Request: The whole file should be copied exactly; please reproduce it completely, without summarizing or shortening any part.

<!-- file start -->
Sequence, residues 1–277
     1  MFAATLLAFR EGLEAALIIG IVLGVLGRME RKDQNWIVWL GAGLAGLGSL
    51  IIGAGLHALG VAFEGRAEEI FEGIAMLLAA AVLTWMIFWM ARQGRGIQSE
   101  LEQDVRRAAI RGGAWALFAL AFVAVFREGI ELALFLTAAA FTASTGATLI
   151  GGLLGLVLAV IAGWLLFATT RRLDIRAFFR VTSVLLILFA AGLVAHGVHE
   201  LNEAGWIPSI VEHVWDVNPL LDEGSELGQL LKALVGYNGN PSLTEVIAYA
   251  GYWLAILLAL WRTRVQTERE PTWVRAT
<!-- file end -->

Sequence, residues 1–277
     1  MFAATLLAFR EGLEAALIIG IVLGVLGRME RKDQNWIVWL GAGLAGLGSL
    51  IIGAGLHALG VAFEGRAEEI FEGIAMLLAA AVLTWMIFWM ARQGRGIQSE
   101  LEQDVRRAAI RGGAWALFAL AFVAVFREGI ELALFLTAAA FTASTGATLI
   151  GGLLGLVLAV IAGWLLFATT RRLDIRAFFR VTSVLLILFA AGLVAHGVHE
   201  LNEAGWIPSI VEHVWDVNPL LDEGSELGQL LKALVGYNGN PSLTEVIAYA
   251  GYWLAILLAL WRTRVQTERE PTWVRAT